Banks have long operated complex bureaucracies around commercial lending, with originators bringing lending opportunities from customers to be approved or rejected by: underwriting committees; loan portfolio managers; and risk and compliance departments. Customers that passed those checks then might be presented terms negotiated with multiple inputs also from banks’ treasury and financing groups.
Banks tended not to place too much importance on the user experience, which was uniformly awful. They tended to follow those steps sequentially, with repeat input of the same terms into many separate internal systems that didn’t talk to each other, rather than dealing with each concurrently in ways that might benefit the customer.
In the report Banking the Customer Experience Dividend last year, KPMG Nunwood noted that three of the four biggest UK banks – Barclays, HSBC and Lloyds – don’t even make it into the top 100 customer brands in the country. Failure to do so, reflecting poor customer experience, might equate to a loss of £3.7 billion each in foregone revenues for the three years 2015-2018, based on analyst forecasts.
That now has to change.
“Banks in Europe realise that they cannot carry on doing business in the same way because their customers demand better,” Daniel says. “And the banks are hammering on the doors of the consultants and systems integrators for new solutions.”
NCino’s big breakthrough came late in November when SunTrust, one of the top-10 banks in the US with $205 billion in assets and second only to Wells Fargo as a lender to small businesses, confirmed that its commercial lending division would partner with nCino to overhaul and link up its previously disjointed customer relationship management, commercial loan origination and sales, and risk-management and reporting systems.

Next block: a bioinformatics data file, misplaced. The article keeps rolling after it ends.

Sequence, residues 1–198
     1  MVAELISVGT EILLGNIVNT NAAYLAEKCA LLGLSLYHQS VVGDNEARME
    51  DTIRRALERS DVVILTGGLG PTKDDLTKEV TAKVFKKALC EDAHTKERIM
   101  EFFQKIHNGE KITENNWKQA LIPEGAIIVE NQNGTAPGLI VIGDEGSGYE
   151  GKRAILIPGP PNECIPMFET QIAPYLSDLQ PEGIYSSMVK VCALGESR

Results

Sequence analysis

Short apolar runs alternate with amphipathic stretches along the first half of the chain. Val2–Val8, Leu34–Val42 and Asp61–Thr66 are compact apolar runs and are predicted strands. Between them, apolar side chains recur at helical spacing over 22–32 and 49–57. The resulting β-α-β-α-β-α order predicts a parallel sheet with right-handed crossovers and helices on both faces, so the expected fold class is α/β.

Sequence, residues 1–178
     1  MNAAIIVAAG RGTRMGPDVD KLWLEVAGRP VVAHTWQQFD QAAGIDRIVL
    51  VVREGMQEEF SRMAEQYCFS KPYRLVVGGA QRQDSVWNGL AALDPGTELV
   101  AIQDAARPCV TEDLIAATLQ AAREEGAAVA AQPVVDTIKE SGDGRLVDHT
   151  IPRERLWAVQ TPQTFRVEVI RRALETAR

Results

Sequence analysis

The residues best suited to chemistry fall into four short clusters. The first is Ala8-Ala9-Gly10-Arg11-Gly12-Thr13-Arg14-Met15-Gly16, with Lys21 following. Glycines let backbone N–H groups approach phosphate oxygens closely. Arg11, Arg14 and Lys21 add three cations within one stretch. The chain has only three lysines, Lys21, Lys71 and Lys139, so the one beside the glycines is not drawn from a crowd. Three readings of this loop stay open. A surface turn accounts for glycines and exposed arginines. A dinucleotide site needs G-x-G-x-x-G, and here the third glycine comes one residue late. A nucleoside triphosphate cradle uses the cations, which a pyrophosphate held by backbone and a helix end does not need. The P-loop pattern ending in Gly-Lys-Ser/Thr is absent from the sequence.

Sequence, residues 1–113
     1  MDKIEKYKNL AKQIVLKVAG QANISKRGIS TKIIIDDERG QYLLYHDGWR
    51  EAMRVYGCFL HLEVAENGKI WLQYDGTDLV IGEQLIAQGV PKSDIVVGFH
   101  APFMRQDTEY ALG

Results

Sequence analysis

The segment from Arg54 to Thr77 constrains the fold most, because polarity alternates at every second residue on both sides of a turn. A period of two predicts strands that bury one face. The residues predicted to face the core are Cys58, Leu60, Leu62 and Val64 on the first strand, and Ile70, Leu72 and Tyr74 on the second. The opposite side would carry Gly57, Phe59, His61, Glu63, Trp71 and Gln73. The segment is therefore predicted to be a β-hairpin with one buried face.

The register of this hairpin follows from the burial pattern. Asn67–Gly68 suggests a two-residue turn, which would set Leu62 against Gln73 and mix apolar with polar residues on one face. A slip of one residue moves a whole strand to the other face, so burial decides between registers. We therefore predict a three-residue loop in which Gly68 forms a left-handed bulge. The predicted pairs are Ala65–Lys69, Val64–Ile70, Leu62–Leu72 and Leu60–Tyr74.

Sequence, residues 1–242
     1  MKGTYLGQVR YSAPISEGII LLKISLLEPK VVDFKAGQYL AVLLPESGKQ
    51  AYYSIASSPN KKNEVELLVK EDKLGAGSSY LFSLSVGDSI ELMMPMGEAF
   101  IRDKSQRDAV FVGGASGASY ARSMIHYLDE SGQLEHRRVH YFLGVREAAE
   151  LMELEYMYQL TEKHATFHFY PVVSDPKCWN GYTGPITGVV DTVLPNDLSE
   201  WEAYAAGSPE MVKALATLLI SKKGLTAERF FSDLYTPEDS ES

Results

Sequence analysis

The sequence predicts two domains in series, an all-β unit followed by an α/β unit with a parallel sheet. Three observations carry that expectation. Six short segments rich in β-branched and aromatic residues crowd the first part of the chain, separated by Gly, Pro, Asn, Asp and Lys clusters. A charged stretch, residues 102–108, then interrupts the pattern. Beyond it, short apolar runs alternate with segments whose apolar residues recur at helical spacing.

A week later it announced Regions Bank, another top-20 US bank, as a customer of its bank operating system.
It’s not a plug-and-play technology solution. This is workflow re-engineering that requires an overhaul of entire business processes. SunTrust began work on its project in 2014 and went public in November 2016. So, it requires some effort.
However, nCino claims that on average US banks that have adopted its operating system enjoy a 19% increase in loan volumes, a 34% decrease in loan processing times and a 17% reduction in operating costs.
Today, nCino counts eight out of the top 20 banks in the US among its 130 customers and has its eyes firmly set on expansion abroad. It has already signed up Bank of the West, owned by BNP Paribas, and is ramping up conversations with banks in Europe.
If nCino’s systems are so good, can banks that incorporate them gain a competitive advantage by negotiating exclusive access and precluding competitors in the same geographic or business markets? Some banks have asked for that, but it’s not the way nCino works.
“We do see a market advantage for those institutions who have been early adopters of the technology,” says Daniel.
“Our biggest US customers, who operate in similar geographic regions and compete for many of the same clients, have found a benefit in collaborating to bring continual improvement to the entire market eco-system. They also collaborate to share ideas, best practices and help influence the direction of our product.”
He explains: “We operate differently from traditional software providers that may customize core systems for specific banks. When we release an update, it goes to all of our customers which takes the same package and that makes it more scalable and efficient in ways that ultimately benefit every bank and its customers.”
Daniel uses an anecdote: “I was talking to one bank recently where it can take six months for large existing corporate customers to get renewal of their backstop credit lines approved. We have to be able to do better than that.
“And I see the notion that we are all in this together now taking hold at the top of many commercial banks.”